New SmartMeters like these may be more efficient over all, but rates pegged to market demand may give some customers a nasty surprise.
A new government study may take the wind out of some conspiracy theorists' sails, with evidence indicating that SmartMeters do not, in fact, cause any health problems.
According to the Press Democrat, the thermal energy emitted by the utility meters is a tiny fraction of what federal guidelines consider safe. Their output is about one seventieth of the limit of radio exposure.
But unanswered questions remain. The study only addresses thermal energy, which leaves open the possibility that other types of energy escapes from the meters. Nevertheless, the scientists concluded that the devices, which transmit energy usage wirelessly, are safe. Other major health organizations have been unable to find any link between radio and illness.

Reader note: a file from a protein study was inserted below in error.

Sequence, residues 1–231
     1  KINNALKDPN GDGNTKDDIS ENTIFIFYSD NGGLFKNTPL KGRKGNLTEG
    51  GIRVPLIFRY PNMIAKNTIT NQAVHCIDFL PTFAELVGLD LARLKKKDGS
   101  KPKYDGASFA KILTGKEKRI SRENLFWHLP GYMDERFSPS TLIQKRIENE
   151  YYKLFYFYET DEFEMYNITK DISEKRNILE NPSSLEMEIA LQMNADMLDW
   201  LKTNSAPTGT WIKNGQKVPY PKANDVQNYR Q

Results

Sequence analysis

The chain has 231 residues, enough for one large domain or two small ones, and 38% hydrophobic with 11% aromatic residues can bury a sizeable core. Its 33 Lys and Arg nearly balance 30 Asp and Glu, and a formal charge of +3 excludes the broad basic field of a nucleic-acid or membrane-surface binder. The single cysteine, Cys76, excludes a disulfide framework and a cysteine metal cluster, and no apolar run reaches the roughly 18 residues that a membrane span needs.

SmartMeter opponents have made for strange bedfellows lately. A teaparty group is joined by environmental alarmists with worries that range from infringement of privacy to infringement of previous bodily tissues.
Other groups have objected that the meters would allow utilities to vary energy prices according to market availability, allowing the state to conserve power during shortages.
The study is accepting public comment until the end of the month at ccst.us.
Lawmakers are pushing for options that would accommodate citizens who are suspicious of SmartMeters. Under that proposal, PG&E would have to provided non-SmartMeter alternatives.
So far, tens of thousands of the meters have been installed in Sonoma County.